|Cetin, A. enis|
Submitted to: Transactions of the ASABE
Publication Type: Peer reviewed journal
Publication Acceptance Date: 8/1/2008
Publication Date: 9/1/2008
Publication URL: naldc.nal.usda.gov/download/23087/PDF
Citation: Ince, F., Onaran, I., Pearson, T.C., Tewfik, A., Cetin, A., Kalkan, H., Yardimci, Y. 2008. Identification of Damaged Wheat Kernels and Cracked-Shell Hazelnuts with Impact Acoustics Time-Frequency Patterns. Transactions of the ASABE. 51(4):1461-1469. Interpretive Summary: A new method for identifying and separating damaged wheat kernels and cracked-shell hazelnuts was developed. The method uses the sound emanating as wheat or nuts drop onto a plate as the basis for discrimination. The new approach separated insect and fungal damaged wheat kernels from undamaged wheat kernels with 96% and 94% accuracy, respectively. It also separated cracked-shell hazelnuts from those with undamaged shells with 97.1% accuracy. The method is highly adaptable and should find uses for other food kernel inspections as well.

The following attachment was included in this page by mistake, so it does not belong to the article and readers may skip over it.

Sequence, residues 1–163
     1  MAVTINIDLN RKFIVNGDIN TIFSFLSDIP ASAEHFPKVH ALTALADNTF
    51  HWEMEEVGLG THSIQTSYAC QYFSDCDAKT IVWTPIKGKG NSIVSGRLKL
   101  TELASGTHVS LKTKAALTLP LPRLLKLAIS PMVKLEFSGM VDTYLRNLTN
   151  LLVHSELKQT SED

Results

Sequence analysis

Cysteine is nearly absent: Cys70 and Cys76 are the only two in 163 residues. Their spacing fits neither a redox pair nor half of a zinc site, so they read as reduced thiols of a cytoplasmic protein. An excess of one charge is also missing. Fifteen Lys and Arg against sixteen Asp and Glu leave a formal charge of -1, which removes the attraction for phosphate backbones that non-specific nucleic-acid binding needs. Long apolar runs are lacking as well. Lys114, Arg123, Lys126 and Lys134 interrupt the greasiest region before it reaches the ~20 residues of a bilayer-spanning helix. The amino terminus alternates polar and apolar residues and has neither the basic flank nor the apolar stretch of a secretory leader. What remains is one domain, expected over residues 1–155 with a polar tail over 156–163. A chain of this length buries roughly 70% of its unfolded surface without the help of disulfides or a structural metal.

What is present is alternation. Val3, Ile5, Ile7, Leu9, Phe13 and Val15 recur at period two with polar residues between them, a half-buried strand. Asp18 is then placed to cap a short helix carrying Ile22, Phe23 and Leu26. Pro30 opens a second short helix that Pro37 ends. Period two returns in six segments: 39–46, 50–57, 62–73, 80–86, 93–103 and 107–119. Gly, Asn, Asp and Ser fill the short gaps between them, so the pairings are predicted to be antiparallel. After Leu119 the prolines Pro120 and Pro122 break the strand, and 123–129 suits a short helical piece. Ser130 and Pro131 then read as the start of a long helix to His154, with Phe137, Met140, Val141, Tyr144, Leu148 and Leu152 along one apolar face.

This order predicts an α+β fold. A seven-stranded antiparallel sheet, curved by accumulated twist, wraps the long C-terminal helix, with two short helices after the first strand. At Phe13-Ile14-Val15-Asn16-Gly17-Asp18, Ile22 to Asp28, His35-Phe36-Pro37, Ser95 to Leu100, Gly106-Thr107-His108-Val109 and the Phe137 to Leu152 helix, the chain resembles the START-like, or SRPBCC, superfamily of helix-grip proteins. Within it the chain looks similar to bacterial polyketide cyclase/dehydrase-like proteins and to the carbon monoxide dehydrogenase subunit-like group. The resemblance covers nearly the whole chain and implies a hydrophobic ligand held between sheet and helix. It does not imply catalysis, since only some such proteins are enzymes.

Technical Abstract: A new adaptive time-frequency (t-f) analysis and classification procedure is applied to impact acoustic signals for detecting hazelnuts with cracked shells and three types of damaged wheat kernels. Kernels were dropped onto a steel plate, and the resulting impact acoustic signals were recorded with a PC-based data acquisition system. These signals were segmented with a flexible local discriminant bases (F-LDB) procedure in the time-frequency plane to extract discriminative patterns between damaged and undamaged food kernels. The F-LDB procedure requires no prior knowledge of the relevant time or frequency indices of the impact acoustics signals for classification. The method automatically finds all crucial time-frequency indices from the training data by combining local cosine packet analysis and a frequency axis clustering approach, which supports individual time and frequency band adaptation. Discriminant features are extracted from the adaptively segmented acoustic signal, sorted according to a Fisher class separability criterion, post-processed by principal component analysis, and fed to a linear discriminant classifier. Experimental results establish the superior performance of the proposed approach when compared to prior techniques reported in the literature or used in the field. The new approach separated damaged wheat kernels (IDK, pupal, and scab) from undamaged wheat kernels with 96%, 82%, and 94% accuracy, respectively. It also separated cracked-shell hazelnuts from those with undamaged shells with 97.1% accuracy. The adaptation capability of the algorithm to the time-frequency patterns of signals makes it a universal method for food kernel inspection that can resist the impact acoustic variability between different kernel and damage types.